The Hyatt Regency San Francisco is the large terrifying building that you see when you get out at Embarcadero BART. "Welcome to San Francisco!" it says.

This 1970s architectural gem was designed by architect John Portman. It's a part of the Embarcadero Center complex.

Atrium architecture

Then... (1974) [source]...and now (2013) [CC-BY-NC-SA Ida Shum]

If you go inside, it may not seem like it's much to look at, but if you take the escalator up two levels, you may find yourself in for a treat - it's a gigantic brutalist atrium with a terrifying huge sculpture/fountain in the middle! This area is open to the public, so feel free to explore. These days the atrium is dark, fairly oppressive, and mostly devoid of plant life, but apparently it was much lusher when the hotel first opened in 1974. It was probably meant to make you feel like you were in an outdoor plaza (certainly the tiling on the floor would indicate as much - it's the same outdoor patio style tile pattern that you'll find in the rest of the Embarcadero Center shopping mall). Wikipedia says "Portman is praised for his "cinematic"interiors artfully relating interior space and elements to the individual. In the 1960s and 1970s the placement of such buildings in America's decaying downtowns was considered salvation of the city centers, but contemporary city planning is highly critical of such insular environments that "turn their back" on the city streets.[2]" Apparently John Portman repopularized the idea of having large hotel atria and included the feature in many of his designs. This atrium is the largest hotel atrium in the world (42k sqft)!

Another one from 1974 because it looks so much nicer! [source]

Labor disputes

As of 2014, this hotel is on the "please patronize" list on the Hotel Workers Rising! site.

Workers at this hotel are represented by UNITE HERE Local 2.

There were many protests in front of this and other Hyatts in SF between late 2009 and the first half of 2013. This was part of a national campaign organized by UNITE HERE which represents workers at many Hyatts around the country. UNITE HERE also called for Hyatt hotels (including this one) to be boycotted during that time. This was all because UNITE HERE's contract(s?) with Hyatt expired in 2009. Although new contracts were agreed to in a number of places, workers and management in hotels in SF (and a few other cities) were some of the last to come to an agreement. Finally, on Jul. 1 2013, UNITE HERE and Hyatt announced that they had reached an agreement at the national level. The agreement included new contracts to last until 2018 and a new framework for negotiations. Here's the press release. Here's a short article in The New York Times (originally from AP) about the issue (it mostly echoes the press release). And here's a longer piece about it from Labor Notes.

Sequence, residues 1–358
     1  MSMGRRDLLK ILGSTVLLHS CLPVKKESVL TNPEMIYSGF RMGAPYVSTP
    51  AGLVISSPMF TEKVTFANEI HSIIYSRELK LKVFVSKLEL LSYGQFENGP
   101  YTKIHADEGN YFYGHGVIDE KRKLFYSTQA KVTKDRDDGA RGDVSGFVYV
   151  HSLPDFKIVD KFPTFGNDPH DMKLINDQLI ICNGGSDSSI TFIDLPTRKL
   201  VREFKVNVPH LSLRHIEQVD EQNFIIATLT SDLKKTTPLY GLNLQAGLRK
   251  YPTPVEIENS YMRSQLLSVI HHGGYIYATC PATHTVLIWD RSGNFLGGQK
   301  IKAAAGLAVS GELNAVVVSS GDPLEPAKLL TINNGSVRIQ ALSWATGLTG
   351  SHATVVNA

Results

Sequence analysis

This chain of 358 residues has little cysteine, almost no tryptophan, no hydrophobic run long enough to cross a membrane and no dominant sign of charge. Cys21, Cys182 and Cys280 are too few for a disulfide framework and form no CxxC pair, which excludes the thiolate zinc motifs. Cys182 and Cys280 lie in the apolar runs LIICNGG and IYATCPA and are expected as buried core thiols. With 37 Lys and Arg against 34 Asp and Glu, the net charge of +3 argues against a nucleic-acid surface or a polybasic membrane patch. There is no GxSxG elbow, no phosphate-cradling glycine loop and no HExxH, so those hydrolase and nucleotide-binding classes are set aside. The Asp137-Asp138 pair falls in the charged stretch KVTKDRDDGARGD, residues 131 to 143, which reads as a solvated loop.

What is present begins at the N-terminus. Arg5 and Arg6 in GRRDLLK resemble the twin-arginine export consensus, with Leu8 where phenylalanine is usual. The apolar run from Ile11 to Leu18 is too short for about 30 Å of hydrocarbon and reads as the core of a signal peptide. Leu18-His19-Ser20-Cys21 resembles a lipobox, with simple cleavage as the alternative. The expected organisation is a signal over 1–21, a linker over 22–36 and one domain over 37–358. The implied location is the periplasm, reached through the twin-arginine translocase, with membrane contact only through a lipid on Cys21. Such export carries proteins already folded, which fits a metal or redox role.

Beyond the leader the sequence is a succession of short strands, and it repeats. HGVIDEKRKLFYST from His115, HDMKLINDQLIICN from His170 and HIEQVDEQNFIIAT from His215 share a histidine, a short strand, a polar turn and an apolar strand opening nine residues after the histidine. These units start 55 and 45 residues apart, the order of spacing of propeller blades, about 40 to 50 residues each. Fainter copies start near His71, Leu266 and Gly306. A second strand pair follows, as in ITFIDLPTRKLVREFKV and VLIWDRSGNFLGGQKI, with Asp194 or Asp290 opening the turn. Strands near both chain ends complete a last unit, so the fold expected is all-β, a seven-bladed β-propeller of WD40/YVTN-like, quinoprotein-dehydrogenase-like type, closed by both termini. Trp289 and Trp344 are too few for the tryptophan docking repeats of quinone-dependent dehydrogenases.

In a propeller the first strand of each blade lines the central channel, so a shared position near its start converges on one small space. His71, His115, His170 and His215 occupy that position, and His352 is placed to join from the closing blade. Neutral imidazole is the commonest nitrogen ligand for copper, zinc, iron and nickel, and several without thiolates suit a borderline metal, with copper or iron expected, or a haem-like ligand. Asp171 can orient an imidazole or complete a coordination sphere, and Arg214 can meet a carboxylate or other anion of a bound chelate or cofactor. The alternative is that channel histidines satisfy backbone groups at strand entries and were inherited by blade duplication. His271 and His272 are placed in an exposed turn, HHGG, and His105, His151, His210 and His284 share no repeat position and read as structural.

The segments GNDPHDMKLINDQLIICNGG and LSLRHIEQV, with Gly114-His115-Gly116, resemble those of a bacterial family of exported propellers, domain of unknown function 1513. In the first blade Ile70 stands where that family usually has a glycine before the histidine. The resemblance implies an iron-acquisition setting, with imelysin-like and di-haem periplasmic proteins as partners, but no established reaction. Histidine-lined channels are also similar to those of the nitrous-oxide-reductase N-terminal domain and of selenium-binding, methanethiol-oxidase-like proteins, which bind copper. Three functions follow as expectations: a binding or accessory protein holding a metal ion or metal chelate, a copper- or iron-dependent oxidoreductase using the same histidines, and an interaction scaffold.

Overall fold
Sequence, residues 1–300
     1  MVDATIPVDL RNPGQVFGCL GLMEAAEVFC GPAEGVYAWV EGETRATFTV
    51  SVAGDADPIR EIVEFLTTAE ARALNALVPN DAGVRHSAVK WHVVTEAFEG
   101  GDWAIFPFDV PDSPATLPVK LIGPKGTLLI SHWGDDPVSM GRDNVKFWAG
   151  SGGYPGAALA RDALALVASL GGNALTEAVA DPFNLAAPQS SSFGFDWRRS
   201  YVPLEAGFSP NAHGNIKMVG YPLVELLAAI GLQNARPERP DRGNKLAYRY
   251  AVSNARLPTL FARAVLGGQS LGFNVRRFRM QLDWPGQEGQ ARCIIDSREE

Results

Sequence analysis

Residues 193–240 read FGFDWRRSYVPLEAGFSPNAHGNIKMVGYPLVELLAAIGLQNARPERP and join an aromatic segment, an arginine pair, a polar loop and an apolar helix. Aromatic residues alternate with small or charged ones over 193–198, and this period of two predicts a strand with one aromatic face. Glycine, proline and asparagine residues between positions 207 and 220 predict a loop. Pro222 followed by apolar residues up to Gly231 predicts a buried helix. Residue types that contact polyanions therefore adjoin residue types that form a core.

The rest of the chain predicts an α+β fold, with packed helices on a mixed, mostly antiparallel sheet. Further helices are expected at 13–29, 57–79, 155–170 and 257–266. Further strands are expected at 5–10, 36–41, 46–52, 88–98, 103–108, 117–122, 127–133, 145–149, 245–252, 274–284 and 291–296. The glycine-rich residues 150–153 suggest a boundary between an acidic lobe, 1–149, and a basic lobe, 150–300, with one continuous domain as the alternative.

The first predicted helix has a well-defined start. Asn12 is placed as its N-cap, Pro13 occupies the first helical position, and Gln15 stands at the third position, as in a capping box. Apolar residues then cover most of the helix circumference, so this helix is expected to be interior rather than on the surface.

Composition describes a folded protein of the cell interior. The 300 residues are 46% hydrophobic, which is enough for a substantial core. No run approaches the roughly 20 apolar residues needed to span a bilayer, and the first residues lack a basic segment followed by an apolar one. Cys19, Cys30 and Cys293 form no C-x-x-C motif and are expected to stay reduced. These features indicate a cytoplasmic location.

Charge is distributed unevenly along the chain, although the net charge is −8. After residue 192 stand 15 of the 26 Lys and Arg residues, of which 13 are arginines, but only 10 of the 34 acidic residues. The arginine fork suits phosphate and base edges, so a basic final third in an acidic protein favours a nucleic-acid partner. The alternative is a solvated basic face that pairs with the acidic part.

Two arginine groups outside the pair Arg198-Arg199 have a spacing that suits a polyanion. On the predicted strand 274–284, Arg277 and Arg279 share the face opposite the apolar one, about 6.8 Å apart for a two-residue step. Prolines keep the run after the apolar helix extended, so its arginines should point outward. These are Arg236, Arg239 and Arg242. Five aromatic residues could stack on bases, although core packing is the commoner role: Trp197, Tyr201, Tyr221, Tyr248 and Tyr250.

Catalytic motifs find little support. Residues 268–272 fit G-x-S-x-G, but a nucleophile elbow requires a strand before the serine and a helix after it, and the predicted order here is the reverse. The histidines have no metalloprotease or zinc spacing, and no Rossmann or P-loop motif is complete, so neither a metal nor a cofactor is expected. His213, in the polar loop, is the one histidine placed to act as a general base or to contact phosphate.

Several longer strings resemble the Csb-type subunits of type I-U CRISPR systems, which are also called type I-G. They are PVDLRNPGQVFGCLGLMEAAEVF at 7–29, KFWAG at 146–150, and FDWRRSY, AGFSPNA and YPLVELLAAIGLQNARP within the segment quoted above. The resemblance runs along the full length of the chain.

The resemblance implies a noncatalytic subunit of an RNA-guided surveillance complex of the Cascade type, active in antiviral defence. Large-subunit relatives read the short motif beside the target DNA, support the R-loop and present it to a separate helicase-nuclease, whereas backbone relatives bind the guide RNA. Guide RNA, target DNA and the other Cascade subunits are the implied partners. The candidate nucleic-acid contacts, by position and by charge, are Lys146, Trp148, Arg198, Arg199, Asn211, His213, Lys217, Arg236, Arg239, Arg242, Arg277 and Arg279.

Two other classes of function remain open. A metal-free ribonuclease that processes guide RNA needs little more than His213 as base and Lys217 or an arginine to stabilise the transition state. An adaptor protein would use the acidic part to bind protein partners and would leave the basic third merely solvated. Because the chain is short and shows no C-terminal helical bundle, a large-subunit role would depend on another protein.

Here's a timeline of some of the protests that have taken place at this hotel between 2009 and 2013:

2010: "to protest the hotel chain's efforts to press [staff] even harder despite a significantly improving financial picture for the hospitality industry generally and the Hyatt chain in particular." [People's World, 2010-06-11]

Jan 2011: Picket line protesting the lack of a contract (see above for more background). Here are some photos of one day on the picket line when participants at the Yoga Journal SF conference (which was taking place at the hotel despite the boycott) joined the picket line.

Feb 2011: Protests about the lack of a contract. The previous contract expired in 2009 and no new contract had been signed. At that time, new contracts (that had also expired in 2009) had already been signed with similar hotels (like Hilton and Starwood). [2011-02-11: "Workers Across Country tell Hyatt to Negotiate Fair Contracts, Stop Sweeping Housekeeper Injuries Under the Rug"]

23 workers were arrested on 2011-02-10 as part of the protest. They were cited and released with misdemeanors. [2011-02-10: "23 Hotel Workers Arrested In SF Hyatt Regency Protest" CBS]

Here's a video of some of the Feb. 2011 protests:

April 2011: Here are photos from a rally that passed by this hotel. It was being boycotted at the time. Here's an article about the April protests.

September 2011: In 2011, there were protests at this hotel as part of nationwide Hyatt protests. Workers were demanding the right to strike at a given hotel in solidarity with workers striking at other hotels and were still looking for a contract -  [source:Hotel Workers Rising! press release, 2011-09-08].